The Catholic Encyclopedia has an exhaustive history of the celebrations, along with origins of some Christmas traditions, in Christmas.
But it is perhaps interesting to know that the choice of December 25th is the result of attempts among the earliest Christians to figure out the date of Jesus’ birth based on calendrical calculations that had nothing to do with pagan festivals.
Rather, the pagan festival of the “Birth of the Unconquered Sun” instituted by the Roman Emperor Aurelian on 25 December 274, was almost certainly an attempt to create a pagan alternative to a date that was already of some significance to Roman Christians.
Thus the “pagan origins of Christmas” is a myth without historical substance. –William J. Tighe, Calculating Christmas
The crucial thing is not, “Did the early Christians get the date of Christmas right?” It is, rather, “What mattered to them as they determined the date of Christmas?”
And when you look at that, you again immediately realize that what dominates their minds is not Diana, Isis, sun worship, or anything else in the pagan religious world. What interests them is, from our modern multicultural perspective, stunningly insular.
Their debates are consumed, not by longing for goddess worship, or pagan mythology, or a desire to import Isis and Diana into the Faith, but the exact details of the New Testament record of Jesus’ death, alloyed with a Jewish—-not pagan—-theory about when Jewish—-not pagan—-prophets die.
They don’t care a bit how pagan priests ordered their worship in the Temple of Diana at Ephesus.
They care intensely about how Levitical priests ordered their worship in the Temple of Solomon at Jerusalem. These Christians are completely riveted on Scripture and details of Jewish and Christian history and tradition.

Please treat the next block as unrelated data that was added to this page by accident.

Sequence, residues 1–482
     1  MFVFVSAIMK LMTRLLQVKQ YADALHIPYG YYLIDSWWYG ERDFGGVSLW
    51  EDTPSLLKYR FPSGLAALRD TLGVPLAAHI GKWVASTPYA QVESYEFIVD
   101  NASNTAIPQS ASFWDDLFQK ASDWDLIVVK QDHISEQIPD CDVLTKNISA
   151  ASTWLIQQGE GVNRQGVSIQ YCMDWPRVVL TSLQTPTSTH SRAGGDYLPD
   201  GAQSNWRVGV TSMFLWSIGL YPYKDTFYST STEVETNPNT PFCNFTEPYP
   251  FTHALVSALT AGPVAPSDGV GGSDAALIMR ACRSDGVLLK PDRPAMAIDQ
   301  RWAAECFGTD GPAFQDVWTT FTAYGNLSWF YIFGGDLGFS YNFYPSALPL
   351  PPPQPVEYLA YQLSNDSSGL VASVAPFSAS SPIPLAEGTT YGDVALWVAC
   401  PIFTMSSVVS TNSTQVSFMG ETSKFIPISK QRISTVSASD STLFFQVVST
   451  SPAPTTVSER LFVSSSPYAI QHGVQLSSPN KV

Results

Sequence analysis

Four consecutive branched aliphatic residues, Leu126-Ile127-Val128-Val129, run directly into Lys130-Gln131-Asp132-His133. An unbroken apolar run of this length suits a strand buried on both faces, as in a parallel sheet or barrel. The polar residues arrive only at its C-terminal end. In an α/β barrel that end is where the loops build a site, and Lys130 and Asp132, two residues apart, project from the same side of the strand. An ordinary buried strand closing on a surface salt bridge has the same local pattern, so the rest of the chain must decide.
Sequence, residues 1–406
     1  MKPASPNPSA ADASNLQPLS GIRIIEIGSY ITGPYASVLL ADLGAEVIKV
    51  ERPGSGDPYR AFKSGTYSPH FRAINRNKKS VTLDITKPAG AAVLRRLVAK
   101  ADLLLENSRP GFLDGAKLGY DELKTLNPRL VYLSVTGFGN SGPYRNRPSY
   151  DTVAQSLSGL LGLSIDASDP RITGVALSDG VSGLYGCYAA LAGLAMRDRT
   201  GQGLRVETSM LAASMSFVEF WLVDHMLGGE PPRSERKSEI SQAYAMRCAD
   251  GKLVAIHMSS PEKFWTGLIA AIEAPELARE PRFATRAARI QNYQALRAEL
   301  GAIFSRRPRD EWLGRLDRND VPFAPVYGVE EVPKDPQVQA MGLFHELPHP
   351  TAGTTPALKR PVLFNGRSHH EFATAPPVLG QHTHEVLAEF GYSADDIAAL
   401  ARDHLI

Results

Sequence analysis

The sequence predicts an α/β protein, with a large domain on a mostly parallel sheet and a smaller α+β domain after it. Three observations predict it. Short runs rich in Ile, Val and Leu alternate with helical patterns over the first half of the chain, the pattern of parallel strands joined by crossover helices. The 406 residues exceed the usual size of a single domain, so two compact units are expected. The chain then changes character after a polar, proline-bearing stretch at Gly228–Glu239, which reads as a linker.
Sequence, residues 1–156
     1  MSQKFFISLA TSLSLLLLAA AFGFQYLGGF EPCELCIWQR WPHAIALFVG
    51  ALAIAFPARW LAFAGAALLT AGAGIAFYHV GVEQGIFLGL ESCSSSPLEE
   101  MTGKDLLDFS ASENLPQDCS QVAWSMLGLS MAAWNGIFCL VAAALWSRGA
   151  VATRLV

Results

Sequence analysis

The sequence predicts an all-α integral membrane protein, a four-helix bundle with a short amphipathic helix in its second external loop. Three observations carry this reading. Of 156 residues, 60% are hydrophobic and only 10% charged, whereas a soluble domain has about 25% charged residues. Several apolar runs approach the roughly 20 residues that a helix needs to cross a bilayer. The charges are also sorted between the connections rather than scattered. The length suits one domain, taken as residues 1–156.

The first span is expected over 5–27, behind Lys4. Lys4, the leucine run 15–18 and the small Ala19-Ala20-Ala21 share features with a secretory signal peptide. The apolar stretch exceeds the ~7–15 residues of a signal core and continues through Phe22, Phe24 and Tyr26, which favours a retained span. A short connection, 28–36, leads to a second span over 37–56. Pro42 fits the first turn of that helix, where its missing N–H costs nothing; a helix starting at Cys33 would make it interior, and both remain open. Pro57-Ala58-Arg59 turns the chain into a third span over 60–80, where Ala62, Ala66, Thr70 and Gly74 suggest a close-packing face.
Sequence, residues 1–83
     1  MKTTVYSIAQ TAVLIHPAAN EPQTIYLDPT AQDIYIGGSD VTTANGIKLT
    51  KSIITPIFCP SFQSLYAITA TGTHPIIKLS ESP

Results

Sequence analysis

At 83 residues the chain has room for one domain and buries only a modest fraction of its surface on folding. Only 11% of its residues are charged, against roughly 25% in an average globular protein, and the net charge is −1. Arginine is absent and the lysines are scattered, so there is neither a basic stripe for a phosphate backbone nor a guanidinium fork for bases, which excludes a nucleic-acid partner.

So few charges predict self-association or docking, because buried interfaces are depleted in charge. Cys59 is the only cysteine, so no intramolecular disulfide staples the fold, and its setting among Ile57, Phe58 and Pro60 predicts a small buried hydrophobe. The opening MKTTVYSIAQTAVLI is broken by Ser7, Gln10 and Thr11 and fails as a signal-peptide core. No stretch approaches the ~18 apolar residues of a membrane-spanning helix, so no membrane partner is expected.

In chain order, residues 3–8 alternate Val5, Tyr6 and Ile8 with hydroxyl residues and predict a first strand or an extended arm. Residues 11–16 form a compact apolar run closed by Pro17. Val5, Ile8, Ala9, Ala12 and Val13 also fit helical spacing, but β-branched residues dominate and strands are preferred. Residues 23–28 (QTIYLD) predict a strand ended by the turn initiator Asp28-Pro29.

They don’t give a hoot what sun worshipers, Osiris devotees, or Isis fans might think. –Mark Shea, Everybody knows that Christmas is really just a warmed-over Celebration of the Feast of the Sol Invictus: Guess what? Everybody’s wrong!
The present Feast, commemorating the Nativity in the flesh of our Lord Jesus Christ, was established by the Church. Its origin goes back to the time of the Apostles.
In the Apostolic Constitutions (Section 3, 13) it says, “Brethren, observe the feastdays; and first of all the Birth of Christ, which you are to celebrate on the twenty-fifth day of the ninth month.”
…In the second century St Clement of Alexandria also indicates that the day of the Nativity of Christ is December 25. In the third century St Hippolytus of Rome mentions the Feast of the Nativity of Christ, and appoints the Gospel readings for this day from the opening chapters of St Matthew.
…In 302, during the persecution of Christians by Maximian, 20,000 Christians of Nicomedia (December 28) were burned in church on the very Feast of the Nativity of Christ….